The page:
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March 2021  Back to Top

African Webinar: Strategies to optimize breastfeeding in Kenya  
Tuesday, March 2, 2021

Speaker:  Dr Elizabeth Kimani – Murage, African Population and Health Research Center (APHRC)
Time: 5:00 PM EAT / 3:00 PM CET / 9:00 AM EST on March 2, 2021
Optimal breastfeeding has many benefits, including promoting optimal growth, development and health of the child. Despite these benefits, breastfeeding has not been fully optimized in Kenya. Although the proportion of children who were exclusively breastfed in Kenya improved from 32% in 2008 to 61% in the latest national survey in Kenya (2014), we are still below the national target of 75% by 2022. Promising interventions to optimize breastfeeding in Kenya may include global initiatives like the Baby Friendly Hospital Initiative (BFHI), the Baby Friendly Community Initiative (BFCI), Human Milk Banking (HMB) and Baby-friendly Workplace Initiative (BFWI). The presentation will focus on the application of these initiatives to optimize breastfeeding in Kenya.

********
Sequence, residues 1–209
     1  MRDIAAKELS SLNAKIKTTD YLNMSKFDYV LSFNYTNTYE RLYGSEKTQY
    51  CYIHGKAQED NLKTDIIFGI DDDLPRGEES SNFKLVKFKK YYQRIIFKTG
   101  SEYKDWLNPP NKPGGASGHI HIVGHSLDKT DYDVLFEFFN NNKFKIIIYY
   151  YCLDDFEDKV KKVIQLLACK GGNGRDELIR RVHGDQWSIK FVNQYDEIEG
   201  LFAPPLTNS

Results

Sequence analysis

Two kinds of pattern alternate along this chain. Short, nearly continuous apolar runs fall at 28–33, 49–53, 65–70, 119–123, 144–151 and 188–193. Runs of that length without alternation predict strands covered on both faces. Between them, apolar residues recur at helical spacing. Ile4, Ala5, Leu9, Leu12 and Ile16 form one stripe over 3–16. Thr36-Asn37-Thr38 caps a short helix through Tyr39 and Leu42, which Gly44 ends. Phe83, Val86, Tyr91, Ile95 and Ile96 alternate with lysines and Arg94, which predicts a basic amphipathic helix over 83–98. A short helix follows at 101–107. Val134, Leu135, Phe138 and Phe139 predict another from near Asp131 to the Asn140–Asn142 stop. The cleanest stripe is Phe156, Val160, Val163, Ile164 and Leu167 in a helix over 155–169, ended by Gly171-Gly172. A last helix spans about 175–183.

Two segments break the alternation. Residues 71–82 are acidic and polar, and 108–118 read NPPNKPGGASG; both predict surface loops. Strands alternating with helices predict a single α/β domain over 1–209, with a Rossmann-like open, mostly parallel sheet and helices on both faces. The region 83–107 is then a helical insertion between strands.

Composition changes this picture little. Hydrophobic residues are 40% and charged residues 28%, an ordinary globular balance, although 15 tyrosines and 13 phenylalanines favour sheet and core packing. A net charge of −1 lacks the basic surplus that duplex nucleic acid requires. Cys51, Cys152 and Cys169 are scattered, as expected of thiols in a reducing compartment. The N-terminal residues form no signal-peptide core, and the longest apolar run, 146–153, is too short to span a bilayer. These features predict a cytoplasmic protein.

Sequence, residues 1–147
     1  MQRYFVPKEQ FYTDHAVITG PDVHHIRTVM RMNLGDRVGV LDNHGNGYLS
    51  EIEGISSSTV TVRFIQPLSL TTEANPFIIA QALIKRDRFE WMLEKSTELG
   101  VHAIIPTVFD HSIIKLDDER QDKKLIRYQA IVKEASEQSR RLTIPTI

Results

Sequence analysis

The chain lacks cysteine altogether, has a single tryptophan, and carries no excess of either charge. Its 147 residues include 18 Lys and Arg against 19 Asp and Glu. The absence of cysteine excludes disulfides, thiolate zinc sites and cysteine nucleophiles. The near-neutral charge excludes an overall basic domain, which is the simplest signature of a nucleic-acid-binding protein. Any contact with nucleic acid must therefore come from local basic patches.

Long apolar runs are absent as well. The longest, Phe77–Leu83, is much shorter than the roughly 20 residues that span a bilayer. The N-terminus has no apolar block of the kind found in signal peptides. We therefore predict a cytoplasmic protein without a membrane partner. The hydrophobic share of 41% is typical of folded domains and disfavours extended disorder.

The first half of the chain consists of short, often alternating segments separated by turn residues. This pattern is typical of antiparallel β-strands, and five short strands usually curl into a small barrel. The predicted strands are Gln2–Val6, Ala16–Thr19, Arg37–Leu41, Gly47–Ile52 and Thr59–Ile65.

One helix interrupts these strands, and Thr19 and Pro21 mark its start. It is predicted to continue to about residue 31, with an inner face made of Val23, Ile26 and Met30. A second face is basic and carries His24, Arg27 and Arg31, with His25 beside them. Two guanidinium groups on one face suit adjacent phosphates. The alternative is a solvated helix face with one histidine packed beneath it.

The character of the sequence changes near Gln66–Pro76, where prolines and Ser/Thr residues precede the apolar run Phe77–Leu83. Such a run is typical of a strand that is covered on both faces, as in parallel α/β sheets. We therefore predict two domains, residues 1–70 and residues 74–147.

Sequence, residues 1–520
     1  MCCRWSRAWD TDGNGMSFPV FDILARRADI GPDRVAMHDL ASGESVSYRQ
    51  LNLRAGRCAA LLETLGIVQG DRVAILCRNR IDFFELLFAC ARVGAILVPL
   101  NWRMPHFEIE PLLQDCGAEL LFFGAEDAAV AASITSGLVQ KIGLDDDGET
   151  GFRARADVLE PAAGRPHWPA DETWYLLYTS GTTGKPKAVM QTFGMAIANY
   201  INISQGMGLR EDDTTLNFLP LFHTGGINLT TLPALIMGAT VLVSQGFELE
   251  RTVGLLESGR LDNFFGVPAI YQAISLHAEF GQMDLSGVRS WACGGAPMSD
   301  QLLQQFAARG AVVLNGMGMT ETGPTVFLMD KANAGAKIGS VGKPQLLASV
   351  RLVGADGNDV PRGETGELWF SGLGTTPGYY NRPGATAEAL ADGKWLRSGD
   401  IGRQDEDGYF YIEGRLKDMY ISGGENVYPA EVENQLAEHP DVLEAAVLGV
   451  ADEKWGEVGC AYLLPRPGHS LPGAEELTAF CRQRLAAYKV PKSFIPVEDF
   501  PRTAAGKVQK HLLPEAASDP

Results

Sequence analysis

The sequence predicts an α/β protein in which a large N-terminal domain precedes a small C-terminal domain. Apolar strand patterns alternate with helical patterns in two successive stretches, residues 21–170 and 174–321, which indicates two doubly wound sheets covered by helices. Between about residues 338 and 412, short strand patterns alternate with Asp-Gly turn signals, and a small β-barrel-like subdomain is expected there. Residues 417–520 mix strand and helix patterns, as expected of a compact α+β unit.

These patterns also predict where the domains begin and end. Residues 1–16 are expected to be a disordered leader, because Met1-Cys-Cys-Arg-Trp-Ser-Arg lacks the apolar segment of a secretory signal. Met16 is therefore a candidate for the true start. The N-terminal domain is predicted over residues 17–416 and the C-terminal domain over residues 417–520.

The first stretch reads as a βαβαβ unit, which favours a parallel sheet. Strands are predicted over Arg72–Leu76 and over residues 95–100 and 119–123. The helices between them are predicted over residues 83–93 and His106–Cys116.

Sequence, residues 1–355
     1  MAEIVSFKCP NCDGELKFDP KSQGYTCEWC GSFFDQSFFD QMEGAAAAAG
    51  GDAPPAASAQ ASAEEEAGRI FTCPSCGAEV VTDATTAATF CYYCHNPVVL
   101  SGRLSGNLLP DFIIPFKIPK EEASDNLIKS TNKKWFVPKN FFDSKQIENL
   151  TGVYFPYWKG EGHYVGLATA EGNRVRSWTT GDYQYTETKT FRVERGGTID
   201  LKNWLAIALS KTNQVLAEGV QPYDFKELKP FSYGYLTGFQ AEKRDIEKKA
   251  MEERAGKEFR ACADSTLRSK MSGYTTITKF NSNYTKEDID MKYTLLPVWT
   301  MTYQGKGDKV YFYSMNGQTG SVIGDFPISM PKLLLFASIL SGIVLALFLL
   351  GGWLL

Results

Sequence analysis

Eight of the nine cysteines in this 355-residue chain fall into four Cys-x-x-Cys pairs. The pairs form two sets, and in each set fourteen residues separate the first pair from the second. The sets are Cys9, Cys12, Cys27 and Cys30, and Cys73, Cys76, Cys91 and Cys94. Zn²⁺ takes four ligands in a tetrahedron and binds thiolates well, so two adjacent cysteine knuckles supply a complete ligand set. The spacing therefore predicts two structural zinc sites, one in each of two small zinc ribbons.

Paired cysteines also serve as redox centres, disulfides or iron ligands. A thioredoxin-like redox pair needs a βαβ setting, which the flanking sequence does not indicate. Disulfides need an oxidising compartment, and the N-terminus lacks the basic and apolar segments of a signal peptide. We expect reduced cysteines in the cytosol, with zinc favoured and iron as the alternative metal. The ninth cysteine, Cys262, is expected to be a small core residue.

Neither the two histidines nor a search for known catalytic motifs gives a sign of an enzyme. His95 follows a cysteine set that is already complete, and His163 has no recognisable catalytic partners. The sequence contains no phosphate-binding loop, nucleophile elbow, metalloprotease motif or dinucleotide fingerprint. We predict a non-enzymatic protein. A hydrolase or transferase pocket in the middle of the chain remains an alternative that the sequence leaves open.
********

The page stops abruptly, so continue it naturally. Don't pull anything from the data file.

Click here for the webinar flyer.

Asia-Pacific Webinar: Advances in Human Milk Microbiome Research Down Under  
Monday, March 29, 2021

Speaker: Dr. Lisa Stinson, Microbiologist Ecologist, University of Western Australia
Time:11:00 am AWST / 4:00 AM CET (March 30) / 10:00 PM EST (March 29)
Over the past two decades, increasing research attention has been paid to the human milk microbiome. The community of micro-organisms in human milk likely contributes to infant microbiome seeding and immune training, as well as to mammary health. However, to date, investigation of this community has been largely limited to short-amplicon surveys, with poor taxonomic resolution. The purported composition of the milk microbiome is influenced by methodological factors such as method of DNA extraction, de-fatting, and sample collection and storage issues. Further, the human milk microbiota do not exist in isolation. They likely interact with non-microbial component of milk, such as antimicrobial proteins, milk fat globules, macro- and micro-nutrients, hormones, oligosaccharides, and immune cells. They also likely produce and respond to bacterial metabolites in human milk. The milk microbiome must therefore be considered in relation to these other factors in order to form an integrated and holistic view of this community. In this talk, methodological and theoretical advances in human milk microbiome research from the Perth Human Lactation Research Group will be presented.

Click here for the webinar flyer.